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Shows and Screencasts: Linux Headlines, Frank Karlitschek, Linux Action News and OpenIndiana 2019.10 Run Through

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OS
GNU
Linux
  • 2019-11-11 | Linux Headlines 46

    Steam gets support for Linux namespaces, some distributions are struggling with the shift from Python 2, Arch Linux supports reproducible builds, and GNOME has a new app in beta.

  • Will Europe Succeed At Democratizing The Cloud?

    Europe (led by Germany and France) is contemplating Gaia-X, its own cloud infrastructure to create interoperability among clouds and also allow local companies to compete in the cloud market dominated by US companies like AWS, Microsoft and Google. It’s an ambitious effort, but will it work? We sat down with Frank Karlitschek, founder of Nextcloud to discuss.

  • Linux Action News 131

    Google steps up support for older Chromebooks, Microsoft Edge is coming to Linux, and the App Defense Alliance teams up to fight Android malware.

    Plus Google Cardboard goes open source, and a neat machine-learning tool to pull songs apart.

  • OpenIndiana 2019.10 Run Through

    In this video, we are looking at OpenIndiana 2019.10. Enjoy!

Database of 200+ smartphones that can run Linux (unofficially)

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GNU
Linux
Gadgets

The vast majority of smartphones in the world ship with some version of Google’s Android operating system. And most of them are only supported by their manufacturers for a few years.

Have a phone that’s 3-4 years old? Then you’re probably not getting any Android updates anymore. No more security patches. No new features.

Of course, some folks can run custom ROMs such as LineageOS, which lets you install updates indefinitely… but want to break out of Android altogether? There are a handful of other GNU/Linux-based operating systems including Ubuntu Touch, postmarketOS, and Maemo Leste that are designed to, among other things, help give your phone a longer lifespan.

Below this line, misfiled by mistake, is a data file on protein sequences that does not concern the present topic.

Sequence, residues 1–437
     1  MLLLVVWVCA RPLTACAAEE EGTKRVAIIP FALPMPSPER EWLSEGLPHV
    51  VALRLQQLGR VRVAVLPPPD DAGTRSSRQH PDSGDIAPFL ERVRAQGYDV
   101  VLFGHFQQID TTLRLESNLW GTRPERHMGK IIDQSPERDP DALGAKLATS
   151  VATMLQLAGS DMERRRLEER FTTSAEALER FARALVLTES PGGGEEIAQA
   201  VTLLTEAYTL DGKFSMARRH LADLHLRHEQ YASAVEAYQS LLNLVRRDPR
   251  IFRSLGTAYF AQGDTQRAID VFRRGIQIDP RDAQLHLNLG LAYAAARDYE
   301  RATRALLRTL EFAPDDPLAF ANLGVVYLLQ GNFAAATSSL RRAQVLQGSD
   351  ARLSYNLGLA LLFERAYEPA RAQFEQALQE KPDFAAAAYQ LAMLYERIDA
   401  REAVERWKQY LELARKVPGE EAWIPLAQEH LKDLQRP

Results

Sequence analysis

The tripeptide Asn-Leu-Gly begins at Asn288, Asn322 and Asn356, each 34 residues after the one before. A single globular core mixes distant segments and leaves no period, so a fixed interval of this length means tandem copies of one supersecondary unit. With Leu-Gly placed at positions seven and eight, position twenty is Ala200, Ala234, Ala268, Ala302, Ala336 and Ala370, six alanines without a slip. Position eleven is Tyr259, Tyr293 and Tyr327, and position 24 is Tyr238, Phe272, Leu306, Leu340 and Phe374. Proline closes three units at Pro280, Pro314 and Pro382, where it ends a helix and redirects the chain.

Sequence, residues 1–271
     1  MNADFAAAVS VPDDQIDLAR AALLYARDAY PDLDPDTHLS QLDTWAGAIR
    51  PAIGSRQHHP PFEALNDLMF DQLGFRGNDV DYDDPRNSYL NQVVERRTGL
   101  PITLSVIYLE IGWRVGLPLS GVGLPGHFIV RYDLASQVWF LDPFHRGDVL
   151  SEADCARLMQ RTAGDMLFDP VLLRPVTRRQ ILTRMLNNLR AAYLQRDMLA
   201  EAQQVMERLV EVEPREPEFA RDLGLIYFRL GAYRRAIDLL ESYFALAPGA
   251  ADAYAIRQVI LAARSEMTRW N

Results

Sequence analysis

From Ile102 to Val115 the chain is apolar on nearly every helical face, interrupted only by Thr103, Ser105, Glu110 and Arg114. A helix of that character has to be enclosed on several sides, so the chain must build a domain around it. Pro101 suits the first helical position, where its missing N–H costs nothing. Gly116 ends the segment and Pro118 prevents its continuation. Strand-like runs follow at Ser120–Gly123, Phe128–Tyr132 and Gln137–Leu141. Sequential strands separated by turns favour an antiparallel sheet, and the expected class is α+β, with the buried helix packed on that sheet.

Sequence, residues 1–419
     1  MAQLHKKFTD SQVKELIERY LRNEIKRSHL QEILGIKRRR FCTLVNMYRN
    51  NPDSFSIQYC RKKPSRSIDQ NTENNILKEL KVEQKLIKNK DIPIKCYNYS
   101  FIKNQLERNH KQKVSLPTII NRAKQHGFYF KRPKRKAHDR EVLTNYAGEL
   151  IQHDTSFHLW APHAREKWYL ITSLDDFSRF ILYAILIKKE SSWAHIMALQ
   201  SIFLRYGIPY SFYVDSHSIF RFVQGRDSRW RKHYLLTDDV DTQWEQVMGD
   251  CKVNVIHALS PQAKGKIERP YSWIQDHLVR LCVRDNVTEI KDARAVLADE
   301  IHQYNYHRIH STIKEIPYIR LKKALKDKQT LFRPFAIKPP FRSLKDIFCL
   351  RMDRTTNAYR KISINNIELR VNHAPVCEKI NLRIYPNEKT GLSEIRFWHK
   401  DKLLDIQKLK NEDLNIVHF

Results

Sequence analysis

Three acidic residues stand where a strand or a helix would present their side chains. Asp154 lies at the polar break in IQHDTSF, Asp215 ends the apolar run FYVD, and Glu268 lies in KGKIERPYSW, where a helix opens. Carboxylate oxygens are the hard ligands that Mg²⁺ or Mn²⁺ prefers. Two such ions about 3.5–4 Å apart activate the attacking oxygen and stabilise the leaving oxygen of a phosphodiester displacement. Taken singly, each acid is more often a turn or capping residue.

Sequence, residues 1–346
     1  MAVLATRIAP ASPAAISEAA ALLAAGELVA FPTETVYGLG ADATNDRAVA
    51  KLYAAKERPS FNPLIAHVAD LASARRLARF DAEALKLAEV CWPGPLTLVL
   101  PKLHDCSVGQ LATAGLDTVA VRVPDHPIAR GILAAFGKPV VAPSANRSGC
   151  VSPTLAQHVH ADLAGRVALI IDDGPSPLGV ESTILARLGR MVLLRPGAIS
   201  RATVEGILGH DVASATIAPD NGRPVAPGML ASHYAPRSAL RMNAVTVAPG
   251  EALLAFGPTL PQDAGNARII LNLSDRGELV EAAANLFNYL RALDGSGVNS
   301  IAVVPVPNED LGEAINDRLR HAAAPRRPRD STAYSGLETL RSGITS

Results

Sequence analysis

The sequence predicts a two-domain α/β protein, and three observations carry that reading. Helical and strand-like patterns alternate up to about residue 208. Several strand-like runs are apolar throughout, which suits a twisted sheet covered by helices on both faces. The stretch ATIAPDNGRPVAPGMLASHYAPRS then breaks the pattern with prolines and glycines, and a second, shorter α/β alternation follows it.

One tricky thing can be figuring out which phones are supported. That’s where a new Can My Phone Run Linux database from TuxPhones comes in.

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Lessons Using Linux and Other Free Software Taught Me

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GNU
Linux

This year marks my 20th anniversary of using Linux. I discovered it when applying for a position at a startup called Stormix Technologies. Stormix long ago had its moment of glory and flamed out, but working for it left me a dedicated Linux user. I didn’t know at the time, but my entire relationship to computing changed permanently as a result.

To begin with, it’s been sixteen years since I bought a piece of software — and that was reluctantly, in order to complete work for a client. It’s been even longer since I was tempted to pirate software. Both facts imply the same thing: unlike most computer users, I stopped being a consumer of software. What I became instead was part of an ecosystem of users, and a potential partner in development if I chose to be. These days, purchasing and pirating software alike seem like a quaint custom of the past, like cranking a car before driving. I look with pity on those who purchase or pirate, regarding them as unnecessarily trapped in a toxic relationship.

Having stopped consuming software, I also changed my relationship with the manufacturers of software. As a consumer, I had almost no contact with those who wrote the software I used. Mostly, I would get news of updates (read: another chance to spend money). If I ran into troubles, I might contact technical support, and more often than not, endure being asked a series of obvious questions while I fumed with impatience waiting to be given a fix. Tinkering on my own was forbidden by license, and mostly impossible since I had no access to the source code.

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No Disney+ on Linux

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GNU
Linux
Web

With the new version 4.10.1582.1 of the Widevine DRM plugin package for Chromium that I uploaded today (chromium-widevine-plugin) I really hoped that this would fix the playback error on Linux of the new Disney+ streaming service.

As you may know, Disney is preparing for the official launch of its movie streaming service this week tuesday, 12 November. But we in the Netherlands could enjoy a free test period of two months before the go-live and so I watched several episodes of the Agents of S.H.I.E.L.D. series and the Captain Marvel movie, casting from my phone at first but now via an official app on my smart TV. The bad performance of the app and frequent freezes of the video streams have largely been taken care of and fixed during the test period. If you are a fan of the Disney and Fox movie portfolio or enjoy the Marvel and Star Wars movies, then I guess this new platform is for you. It’s still rather limited in scope of course.

Worse in my opinion is the fact that Disney did the Linux community a disservice. The streaming of video does not work – on any browser. The web site works fine, you can browse and explore, but video playback is not possible and an annoying “Error 83” appears instead.